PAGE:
To disarm the enmity of the Italians, who formed the most valuable part of his opponents' forces, he proclaimed that he would not interfere with the rights of any citizen, old or new. He suffered no injury to be done to either the towns or fields of the Italians, and he made separate treaties with many of their cities, by which he guaranteed their full enjoyment of Roman privileges so long as they should favor his interests. The Samnites alone held out against Sulla, and in concert with the Marian party renewed their old hostilities. Cinna was murdered by his own troops, on his way to meet Sulla in Dalma'tia.
143. Landing at Brundis'ium, Sulla marched without opposition through Calabria, Apulia, and Campania; defeated one consul near Capua, and won over the entire army of the other by means of emissaries well supplied with gold. He was reinforced by three legions, under Cneius Pompey, and by the adherence of many distinguished citizens, among whom were Metellus Pius, Crassus, and Lucullus. He was still outnumbered by the Marians, who, in 82 B. C., brought into the field an army of 200,000 men, under the two consuls Papir'ius Carbo and the younger Marius. The latter was defeated, however, with great loss at Sacripor tus, and took refuge in Præneste, where he had deposited his military chest, enriched by the treasures of the Capitoline temples. This town was blockaded, while Sulla marched upon Rome. Marius had secretly ordered his partisans in the city to put to death the most illustrious of the Cornelian faction; and thus perished the pontifex maximus, and many others whose sacred office or exalted character would, in more virtuous times, haye made them secure from violence.
144. The army of Samnites and Lucanians, by the request of Marius, moved toward Rome, Telesi'nus, their leader, declaring that he would raze the city to the ground. A furious battle was fought near the Colline Gate, in which Sulla was victorious; and, with a cold-blooded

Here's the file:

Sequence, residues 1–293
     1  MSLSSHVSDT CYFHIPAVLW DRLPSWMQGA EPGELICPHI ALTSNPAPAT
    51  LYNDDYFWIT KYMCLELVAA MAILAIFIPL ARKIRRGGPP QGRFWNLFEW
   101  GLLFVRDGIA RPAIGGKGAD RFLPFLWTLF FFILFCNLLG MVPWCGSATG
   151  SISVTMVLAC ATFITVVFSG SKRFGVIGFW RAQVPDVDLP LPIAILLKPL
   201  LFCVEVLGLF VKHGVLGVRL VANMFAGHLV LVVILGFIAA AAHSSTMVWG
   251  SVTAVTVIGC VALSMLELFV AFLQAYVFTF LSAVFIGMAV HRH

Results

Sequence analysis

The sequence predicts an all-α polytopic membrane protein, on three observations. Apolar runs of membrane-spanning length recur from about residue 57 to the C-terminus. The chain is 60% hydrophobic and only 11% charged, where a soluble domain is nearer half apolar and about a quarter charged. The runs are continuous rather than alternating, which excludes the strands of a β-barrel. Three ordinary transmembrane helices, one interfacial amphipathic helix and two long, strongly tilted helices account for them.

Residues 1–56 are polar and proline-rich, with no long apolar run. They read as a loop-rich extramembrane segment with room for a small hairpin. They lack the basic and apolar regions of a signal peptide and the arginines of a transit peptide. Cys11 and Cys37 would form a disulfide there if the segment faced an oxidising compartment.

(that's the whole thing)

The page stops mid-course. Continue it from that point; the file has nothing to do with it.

ferocity too common in those fearful times, ordered 6,000 prisoners to be cut to pieces in the Campus Martius. Sulla was now master of Rome and of Italy, and his vengeance had begun. A "proscription list" of his enemies was exhibited in the Forum, and a reward of two talents was offered to all who would kill these outlawed persons, or even show the place of their concealment. As usual, private hatred and even the meanest avarice found indulgence under the name of political enmity. Any friend of Sulla was permitted to add names to the list; and as the property of the proscribed usually went to his accuser, the possession of a house, a field, or even a piece of silver plate was often enough to mark a man as a public enemy.
Sulla was appointed dictator, with unlimited power to "restore order to the Republic." The constitutional changes which he made, were designed to re-instate the Senate and nobles in the preeminence which they had enjoyed in the earliest years after the expulsion of the kings. He limited the sway of the tribunes of the people, and lowered the dignity of their office by prohibiting those who had held it from becoming consuls. Though himself a man of dissolute morals, Sulla clearly saw that the worst miseries of the Roman people proceeded from their own corruption, and he tried to check luxury and crime by the most stringent enactments. But the attempt was hopeless; the character of the nation was so far degraded that no rank or class was fit to rule, and its subjection to the will of a tyrant had become a necessity.
145. Sulla increased the number of the Senate by 300 new members chosen from the knights, all, of course, adherents of his own. He gained, also, a sort of body-guard, by giving the rights of citizenship to 10,000 slaves of those whom he had proscribed. These freedmen all received his own clan-name, Cornelius, and became his clients. He rewarded his veterans with the confiscated lands of the Marian party, thus replacing honest and industrious farmers with too often lawless and thriftless military communities. When Sulla had held the dictatorship three years, he surprised the world by suddenly resigning it, and retiring to his country-seat at Pute'oli. Here he devoted his days to the amusements of literature, mingled, unhappily, with less ennobling pleasures. He died B. C. 78, the year following his abdication. Two days before his death he completed the history of his own life and times, in twenty-two volumes, in which he recorded the prediction of a Chaldæan soothsayer, that he should die, after a happy life, at the very height of his prosperity.
146. A remnant of the Marian faction still held out in the west of Spain. Sertorius had been sent to command that province, chiefly because, as the most honest and keen-sighted of the Marians, he was troublesome to his brother officers. During the proscription by Sulla,